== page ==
Debate Magazine

New Study Finds Ordinary Americans Have No Impact on Public Policy

By Eowyn @DrEowyn

Click pic to enlarge!

9-12-2009 march on WashingtonPhoto by Michael A. Beck

Do you remember the Tea Party March on Washington, D.C., of Sept. 12, 2009? At least a million marched, but nothing changed.

A new study confirms our frustration at making ourselves heard. We ordinary Americans have a near-zero impact on public policy, which instead is controlled and determined by monied élites.

Wynton Hall reports for Breitbart, Aug. 12, 2014, that according to the study by Princeton University Professor Martin Gilens and Northwestern University Professor Benjamin Page, titled “Testing Theories of American Politics: Elites, Interest Groups, and Average Citizens,” which will be published in an upcoming issue of Perspectives on Politics, corporate interests and mega wealthy individuals control U.S. policy to such a degree that “the preferences of the average American appear to have only a minuscule, near-zero, statistically non-significant impact upon public policy.”

You can read an early draft of their study here.

Noted American University Historian Allan J. Lichtman highlighted the piece in a Tuesday article published in The Hill. Lichtman calls Gilens and Page’s research “shattering” and says their scholarship “should be a loud wake-up call to the vast majority of Americans who are bypassed by their government.”

Gilens and Page’s statistical research looked at public attitudes on nearly 1,800 policy issues and determined that government almost always ignores the opinions of average citizens and adopts the policy preferences of monied business interests when shaping U.S. laws.

The study’s findings align with recent trends, where corporate elites have aggressively pursued pro-amnesty policies despite the fact that, according to the most recent Reuters poll, a bipartisan 70% of Americans believe illegal immigrants threaten the U.S. economy and our traditional beliefs and customs.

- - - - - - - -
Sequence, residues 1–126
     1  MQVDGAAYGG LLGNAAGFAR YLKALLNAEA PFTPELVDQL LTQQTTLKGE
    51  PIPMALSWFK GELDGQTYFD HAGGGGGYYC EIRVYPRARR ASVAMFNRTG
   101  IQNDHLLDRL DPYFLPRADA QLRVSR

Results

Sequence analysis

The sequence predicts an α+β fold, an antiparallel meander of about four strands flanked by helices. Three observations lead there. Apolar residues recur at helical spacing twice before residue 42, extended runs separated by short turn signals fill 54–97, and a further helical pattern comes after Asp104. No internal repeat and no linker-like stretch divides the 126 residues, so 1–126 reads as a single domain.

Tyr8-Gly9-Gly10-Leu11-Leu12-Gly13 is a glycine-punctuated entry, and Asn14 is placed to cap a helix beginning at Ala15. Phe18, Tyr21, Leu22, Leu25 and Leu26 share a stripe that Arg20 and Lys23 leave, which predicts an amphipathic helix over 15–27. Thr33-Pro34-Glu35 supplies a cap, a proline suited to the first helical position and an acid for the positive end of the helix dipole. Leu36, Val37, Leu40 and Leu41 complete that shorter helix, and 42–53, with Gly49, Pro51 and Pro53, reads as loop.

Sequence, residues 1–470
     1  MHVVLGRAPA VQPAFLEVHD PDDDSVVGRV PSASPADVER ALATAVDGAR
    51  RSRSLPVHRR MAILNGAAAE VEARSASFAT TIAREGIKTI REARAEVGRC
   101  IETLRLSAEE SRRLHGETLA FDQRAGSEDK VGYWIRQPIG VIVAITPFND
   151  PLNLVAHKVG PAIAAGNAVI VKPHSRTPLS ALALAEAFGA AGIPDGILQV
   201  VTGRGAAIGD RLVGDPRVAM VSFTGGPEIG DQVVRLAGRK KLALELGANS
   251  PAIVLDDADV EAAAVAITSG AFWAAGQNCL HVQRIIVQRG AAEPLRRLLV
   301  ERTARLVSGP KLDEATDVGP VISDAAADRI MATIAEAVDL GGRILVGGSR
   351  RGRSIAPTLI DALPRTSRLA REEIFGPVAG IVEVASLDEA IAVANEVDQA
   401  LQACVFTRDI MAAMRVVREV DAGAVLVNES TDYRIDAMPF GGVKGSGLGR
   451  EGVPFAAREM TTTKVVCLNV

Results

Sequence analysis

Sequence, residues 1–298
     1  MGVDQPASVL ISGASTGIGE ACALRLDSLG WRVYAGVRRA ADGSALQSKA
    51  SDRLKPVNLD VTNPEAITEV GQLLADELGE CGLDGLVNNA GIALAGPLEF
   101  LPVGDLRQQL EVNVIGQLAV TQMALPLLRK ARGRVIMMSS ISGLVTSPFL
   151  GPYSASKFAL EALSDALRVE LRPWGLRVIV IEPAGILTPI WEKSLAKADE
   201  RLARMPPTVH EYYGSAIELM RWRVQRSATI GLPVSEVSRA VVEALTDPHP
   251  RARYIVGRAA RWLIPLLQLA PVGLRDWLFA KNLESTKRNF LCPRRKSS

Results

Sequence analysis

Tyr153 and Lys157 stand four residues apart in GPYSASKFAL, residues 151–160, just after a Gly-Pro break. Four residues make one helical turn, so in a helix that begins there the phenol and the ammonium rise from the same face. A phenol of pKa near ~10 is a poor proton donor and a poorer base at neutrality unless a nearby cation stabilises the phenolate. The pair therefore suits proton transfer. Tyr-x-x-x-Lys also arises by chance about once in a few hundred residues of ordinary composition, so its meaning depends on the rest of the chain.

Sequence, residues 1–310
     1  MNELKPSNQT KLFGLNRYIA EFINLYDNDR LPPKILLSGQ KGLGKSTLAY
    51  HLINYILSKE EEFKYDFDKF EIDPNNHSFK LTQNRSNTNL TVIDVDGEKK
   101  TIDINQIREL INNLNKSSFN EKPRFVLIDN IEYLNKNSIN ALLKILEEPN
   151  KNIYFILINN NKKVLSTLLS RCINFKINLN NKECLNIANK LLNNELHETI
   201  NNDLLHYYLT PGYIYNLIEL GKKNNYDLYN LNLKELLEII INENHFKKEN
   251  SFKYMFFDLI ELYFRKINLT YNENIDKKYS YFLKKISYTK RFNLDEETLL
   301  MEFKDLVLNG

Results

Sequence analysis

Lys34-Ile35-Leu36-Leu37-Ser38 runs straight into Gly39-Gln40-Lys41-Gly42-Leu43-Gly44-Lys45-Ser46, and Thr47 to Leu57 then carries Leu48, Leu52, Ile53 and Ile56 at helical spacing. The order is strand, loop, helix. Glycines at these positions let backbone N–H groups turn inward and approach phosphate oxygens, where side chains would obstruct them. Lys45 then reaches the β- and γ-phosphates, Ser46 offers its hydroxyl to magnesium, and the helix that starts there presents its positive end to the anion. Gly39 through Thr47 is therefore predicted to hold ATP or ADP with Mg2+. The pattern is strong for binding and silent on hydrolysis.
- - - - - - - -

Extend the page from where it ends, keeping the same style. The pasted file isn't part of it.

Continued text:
Gilens and Page propose that the solution is a reinvigorated and engaged electorate because “If policymaking is dominated by powerful business organizations and a small number of affluent Americans, then America’s claims to being a democratic society are seriously threatened.”

Declaration of Independence

238 years ago, the Declaration of Independence was the clarion call of a populist revolution to install “a government by the people, for the people, and of the people.” The Declaration declared that:

We hold these truths to be self-evident, that all men are created equal, that they are endowed by their Creator with certain unalienable Rights, that among these are Life, Liberty and the pursuit of Happiness.–That to secure these rights, Governments are instituted among Men, deriving their just powers from the consent of the governed.

So is the Declaration’s promise a chimera? Given the Gilens-Page research findings, what do we do? Do we give up and sink into apathy, thereby ensuring the élite’s grip on power? Or do we harken to Thomas Jefferson’s undying words:

That whenever any Form of Government becomes destructive of these ends, it is the Right of the People to alter or to abolish it, and to institute new Government, laying its foundation on such principles and organizing its powers in such form, as to them shall seem most likely to effect their Safety and Happiness. Prudence, indeed, will dictate that Governments long established should not be changed for light and transient causes; and accordingly all experience hath shewn, that mankind are more disposed to suffer, while evils are sufferable, than to right themselves by abolishing the forms to which they are accustomed. But when a long train of abuses and usurpations, pursuing invariably the same Object evinces a design to reduce them under absolute Despotism, it is their right, it is their duty, to throw off such Government, and to provide new Guards for their future security.

See also “A message for apathetic Christians and Conservatives“


Back to Featured Articles on Logo Paperblog